Treasurer Jim Chalmers told Channel Nine the latest floods were likely to limit supply for longer, which would keep the cost of groceries high.
“Grocery prices, including fruit and vegetables, are already going through the roof and this will make it more difficult,” Chalmers said.
Food security expert from the University of Melbourne Rachel Carey agreed flooding in NSW was likely to inflate food prices further.
She said the latest floods added to stressors on crops from previous floods, storms and bad weather that had been pummeling production.
Carey also said agriculture was taking a hit from the conflict in Ukraine, which was driving up the cost of fertiliser, oil and animal feed, as well as labour shortages triggered by COVID.
“What we're really seeing at the moment, in terms of impact on food prices, is a combination of multiple shocks and stresses, with compounding effects,” Carey said.
She said several long-term stressors were unlikely to go away any time soon, which were likely to keep upward pressure on food prices.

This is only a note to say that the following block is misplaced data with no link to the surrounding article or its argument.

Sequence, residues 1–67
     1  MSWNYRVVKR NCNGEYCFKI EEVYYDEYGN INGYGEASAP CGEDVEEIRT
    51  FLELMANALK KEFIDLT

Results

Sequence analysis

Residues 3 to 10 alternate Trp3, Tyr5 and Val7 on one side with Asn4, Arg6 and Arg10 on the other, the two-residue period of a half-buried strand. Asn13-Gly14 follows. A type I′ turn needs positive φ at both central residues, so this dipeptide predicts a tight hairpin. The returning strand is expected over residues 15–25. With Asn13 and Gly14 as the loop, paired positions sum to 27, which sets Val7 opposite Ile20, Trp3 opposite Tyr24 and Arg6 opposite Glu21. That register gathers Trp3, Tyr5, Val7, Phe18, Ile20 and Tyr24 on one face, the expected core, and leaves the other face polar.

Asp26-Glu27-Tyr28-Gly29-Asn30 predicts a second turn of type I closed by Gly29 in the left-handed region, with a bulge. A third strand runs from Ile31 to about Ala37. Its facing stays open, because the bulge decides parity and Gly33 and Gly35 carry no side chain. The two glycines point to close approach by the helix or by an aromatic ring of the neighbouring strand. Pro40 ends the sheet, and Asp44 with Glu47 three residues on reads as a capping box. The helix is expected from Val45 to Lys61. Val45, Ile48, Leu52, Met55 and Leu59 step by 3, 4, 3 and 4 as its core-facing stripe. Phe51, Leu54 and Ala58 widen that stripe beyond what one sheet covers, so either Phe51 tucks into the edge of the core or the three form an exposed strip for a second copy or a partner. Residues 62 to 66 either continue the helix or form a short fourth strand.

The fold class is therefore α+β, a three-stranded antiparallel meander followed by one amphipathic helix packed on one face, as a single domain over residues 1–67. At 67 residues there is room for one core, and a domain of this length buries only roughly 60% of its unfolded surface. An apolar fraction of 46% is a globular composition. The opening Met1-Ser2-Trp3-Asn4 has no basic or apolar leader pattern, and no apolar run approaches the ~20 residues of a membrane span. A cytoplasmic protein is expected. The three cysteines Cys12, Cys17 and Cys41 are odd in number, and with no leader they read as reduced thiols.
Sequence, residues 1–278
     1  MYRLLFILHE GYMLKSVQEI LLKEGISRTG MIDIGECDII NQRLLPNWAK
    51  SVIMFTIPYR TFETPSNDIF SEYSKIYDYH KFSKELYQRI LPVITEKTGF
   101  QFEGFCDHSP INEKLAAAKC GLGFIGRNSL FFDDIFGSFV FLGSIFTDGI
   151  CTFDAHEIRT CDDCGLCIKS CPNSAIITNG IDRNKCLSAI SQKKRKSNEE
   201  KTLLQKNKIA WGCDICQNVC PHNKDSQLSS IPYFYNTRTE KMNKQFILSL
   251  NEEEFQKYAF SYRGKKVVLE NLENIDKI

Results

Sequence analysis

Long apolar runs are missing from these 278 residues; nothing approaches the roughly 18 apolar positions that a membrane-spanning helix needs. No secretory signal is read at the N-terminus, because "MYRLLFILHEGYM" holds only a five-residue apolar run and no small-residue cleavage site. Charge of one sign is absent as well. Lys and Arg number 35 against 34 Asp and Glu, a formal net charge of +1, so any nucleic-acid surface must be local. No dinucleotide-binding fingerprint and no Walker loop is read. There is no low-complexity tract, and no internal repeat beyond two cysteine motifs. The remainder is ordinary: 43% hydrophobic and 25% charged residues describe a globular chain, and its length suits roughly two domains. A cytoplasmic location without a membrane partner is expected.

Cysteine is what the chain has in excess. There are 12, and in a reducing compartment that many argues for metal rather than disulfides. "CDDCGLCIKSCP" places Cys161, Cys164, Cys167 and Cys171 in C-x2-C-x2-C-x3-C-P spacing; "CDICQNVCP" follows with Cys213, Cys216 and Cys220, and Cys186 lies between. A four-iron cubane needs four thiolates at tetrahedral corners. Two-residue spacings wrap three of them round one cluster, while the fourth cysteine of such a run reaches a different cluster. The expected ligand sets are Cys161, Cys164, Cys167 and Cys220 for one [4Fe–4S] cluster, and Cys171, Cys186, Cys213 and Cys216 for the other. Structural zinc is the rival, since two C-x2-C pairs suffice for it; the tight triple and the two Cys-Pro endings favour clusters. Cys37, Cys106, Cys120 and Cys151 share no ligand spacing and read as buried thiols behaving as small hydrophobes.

“So it’s not just the impact of floods that we need to think about,” Carey said.
She also said competition for land and water was increasing, which was limiting the ability to grow food.
A minister for food
At a policy level, Carey said there needed to be a stronger focus on domestic food supply.
She’d like to see a minister responsible and accountable for food resilience to work alongside the Agriculture Minister, who was usually more focused on food exports and the productivity of the industry.
“We have a narrative in Australia that we are a food-secure country because of the amount of food that we produce and export,” she said.
”I think that narrative masks a number of vulnerabilities in our own food supply that we need to start paying attention to.”
Carey said the focus was always on how much food Australia was producing and exporting.
“In terms of rising food prices, I think we need to pay more attention to our own food security here in Australia and not only about how much food we're producing,” Carey said.
“We should be focused on whether people are able to access that food, and whether people can actually afford to buy it.”